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Virology. 1984 Jan 30;132(2):401-12.

Establishment and analysis of a system which allows assembly and disassembly of alphavirus core-like particles under physiological conditions in vitro.


Core-like (CL) particles which closely resemble alphavirus cores in size, shape, and relative amount of nucleic acid and protein have been assembled in vitro from Sindbis (SIN) virus core (C) protein and single-stranded nucleic acids in buffer containing 1 M urea [G. Wengler, U. Boege, G. Wengler, H. Bischoff, and K. Wahn (1982) Virology 118, 401-410]. We have now analyzed the interaction of SIN virus C protein and nucleic acids in vitro under conditions designed to resemble those present in the cell during core assembly. In buffer containing 100 mM K-acetate, 1.7 mM Mg-acetate, pH 7.4, CL particles are efficiently assembled from all single-stranded nucleic acids analyzed, and even heparin and polyvinylsulfate are incorporated into such particles. A reticulocyte lysate translates SIN virus-specific mRNA into C protein under these ionic conditions. Interactions of C protein with nucleic acids and ribosomes in a reticulocyte lysate have also been analyzed. The following conclusions can be drawn from these analyses: (1) In accordance with earlier findings [N. Glanville and I. Ulmanen (1976) Biochem. Biophys. Res. Commun. 71, 393-399] the C protein translated in vitro efficiently binds to ribosomes. (2) Exogenously added C protein binds to the large subunit of the ribosomes in the lysate. (3) CL particles can be assembled in the lysate from exogenous added 42 S genome RNA and exogenous added C protein if both components are present at sufficiently high concentrations. (4) The C protein translated from viral mRNA in the lysate is transferred from the ribosomes into preassembled CL particles containing 42 S RNA in the lysate. (5) If only small amounts of CL particles are added into a lysate these particles disaggregate and core protein molecules are transferred from the particles to the large subunit of the ribosomes. The results on the assembly of CL particles in vitro allow the formulation of some hypotheses concerning the assembly and disassembly of core particles in vivo.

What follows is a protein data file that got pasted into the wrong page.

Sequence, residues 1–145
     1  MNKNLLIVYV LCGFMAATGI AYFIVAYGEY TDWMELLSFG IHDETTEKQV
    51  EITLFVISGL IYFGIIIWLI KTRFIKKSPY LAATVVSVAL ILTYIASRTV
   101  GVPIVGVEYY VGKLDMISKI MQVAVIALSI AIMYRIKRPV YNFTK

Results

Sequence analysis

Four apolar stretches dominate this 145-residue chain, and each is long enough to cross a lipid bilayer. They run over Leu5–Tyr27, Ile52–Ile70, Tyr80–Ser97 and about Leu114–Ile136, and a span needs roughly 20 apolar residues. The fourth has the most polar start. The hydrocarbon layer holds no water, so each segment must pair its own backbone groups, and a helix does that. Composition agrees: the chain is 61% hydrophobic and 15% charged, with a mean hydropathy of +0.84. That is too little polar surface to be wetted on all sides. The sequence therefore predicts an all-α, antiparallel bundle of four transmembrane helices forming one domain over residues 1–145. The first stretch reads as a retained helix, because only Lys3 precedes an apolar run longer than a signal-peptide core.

[Indexed for MEDLINE]

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